We parse the url query string parameter from the API Gateway event and validate it to be a real URL. Then, we use Puppeteer to launch a new browser instance and open a new page. This new page is closed at the end of the function while the browser instance stays open until the Lambda is terminated.

Readability.js requires a DOM object to parse the readable content from a website. That's why we create a DOM object with JSDOM and provide the HTML from the page and its current URL. By the way, the browser may have had to follow HTTP redirects, so the current URL doesn't necessarily have to be the one we provided initially. The parse function of the library returns the following result:

type Result = {
  title: string;
  content: string;
  textContent: string;
  length: number;
  excerpt: string;
  byline: string;
  dir: string;
  siteName: string;
  lang: string;
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Some meta information is also available in the result object, but since we are returning raw HTML content, we are only interested in the content property. However, we have to add the Content-Type header with text/html; charset=utf-8 to the response object to ensure the browser renders it correctly.


Now comes the fun part. I have created a simple web app with React, Tailwind, and Vite to demonstrate this project. Strictly speaking, you could call the REST API directly from a browser as the Lambda function returns real HTML that renders just fine. However, I thought it would be nicer to use it as a real application.

The following articles are curated examples showcasing the Readability version on the left and the Original article on the right. Of course, you can also try your own article and start here:

So without further ado, let's read some articles:

Maker's Schedule, Manager's Schedule by Paul Graham.
Image description

Readability and Original

Understanding AWS Lambda’s invoke throttling limits by Archana Srikanta on the AWS Compute Blog.
Image description

Readability and Original

Advice for Junior Developers by Jeroen De Dauw on
Image description

Readability and Original

Cloud Development Kit

I've got to say, my initial dive into AWS CDK has been quite a pleasant surprise. What impresses me most is the ability to code up my infrastructure using good old JavaScript or TypeScript, the very languages I already use to develop my application. No more fumbling with meta languages or constantly referring to documentation just to figure out how to do this or that – CDK simplifies everything.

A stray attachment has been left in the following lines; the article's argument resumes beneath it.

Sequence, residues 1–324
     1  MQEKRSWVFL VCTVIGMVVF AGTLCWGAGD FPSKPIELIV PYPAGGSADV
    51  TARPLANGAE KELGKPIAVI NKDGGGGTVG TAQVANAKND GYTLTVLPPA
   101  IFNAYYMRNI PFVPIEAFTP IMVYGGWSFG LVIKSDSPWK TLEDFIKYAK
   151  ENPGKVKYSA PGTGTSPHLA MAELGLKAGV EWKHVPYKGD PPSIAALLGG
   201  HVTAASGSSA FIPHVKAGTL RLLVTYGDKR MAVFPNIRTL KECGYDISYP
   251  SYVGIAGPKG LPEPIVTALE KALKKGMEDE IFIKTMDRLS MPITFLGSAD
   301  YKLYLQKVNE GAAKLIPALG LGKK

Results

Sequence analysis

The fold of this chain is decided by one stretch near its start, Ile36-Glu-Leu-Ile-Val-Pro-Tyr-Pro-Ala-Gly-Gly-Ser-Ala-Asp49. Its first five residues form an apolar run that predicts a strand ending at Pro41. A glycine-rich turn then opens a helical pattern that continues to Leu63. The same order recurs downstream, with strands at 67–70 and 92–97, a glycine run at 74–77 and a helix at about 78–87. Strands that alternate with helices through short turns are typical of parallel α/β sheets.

The beauty of it all is that I can utilize the fundamental building blocks: if-conditions and for-loops, objects and arrays, classes and functions. I can put my coding skills to work in the same way I always do, without the need for any special plugins or hooks. That’s what Infrastructure as Code should really feel like – a truly great developer experience.


It's pretty amazing how far the Serverless world has come, enabling us to effortlessly run a Chrome browser inside a Lambda function. If you are interested in the mechanics of this project, you can view the full source code on GitHub. I'd really appreciate your feedback, and if you like it, give it a star on GitHub!

GitHub logo zirkelc / lambda-readability

Reader View build with Lambda and Readability

Lambda Readability

Lambda Readability is a Serverless Reader View to extract readable content from web pages using AWS Lambda, Chromium, and the Readability.js library.

For more information, read my article on Building a Serverless Reader View with Lambda and Chrome


  • Serverless project built with AWS CDK
  • Runs a headless Chrome browser on AWS Lambda
  • Uses the Readability.js library to extract readable content from a web page
  • Simple REST API for requests
  • Frontend built with React, Tailwind, and Vite


Visit and enter a URL for a website. Here are some examples:

Maker's Schedule, Manager's Schedule by Paul Graham.

Readability vs Original

Image description

Understanding AWS Lambda’s invoke throttling limits by Archana Srikanta on the AWS Compute Blog.

Readability vs Original

Image description

Advice for Junior Developers by Jeroen De Dauw on

Readability vs Original

Image description


Install dependencies from root:

npm install

Build and deploy backend with CDK:

cd backend

I hope you found this post helpful. If you have any questions or comments, feel free to leave them below. If you'd like to connect with me, you can find me on LinkedIn or GitHub. Thanks for reading!

Top comments (5)

efpage profile image

Sounds much like a project, that could run completely in the browser with some lines of code only. Why did you use a server for this?

zirkelc profile image
Chris Cook

I had the same assumption, but simply fetch() an URL from a script isn't enough for most pages. Most pages nowadays consist of so much JavaScript, especially SPAs, that you must render it in a real browser to get the actual content.

Take this link from Quora as an example:

If you fetch the content, it won't work - the returned HTML contains a JavaScript redirect and must be executed by a browser to get to the actual page.

It might be possible to get this to work with iframes or using JSDOM in the browser, maybe. However, I need this functionality as an API anyway, so I decided to start there and don't get down the rabbithole to iframes.

efpage profile image

You are right! You can run a page in an iframe, but access is prohibited by CORS limitations.

niklampe profile image

Great write up as always!

zirkelc profile image
Chris Cook

Thank you!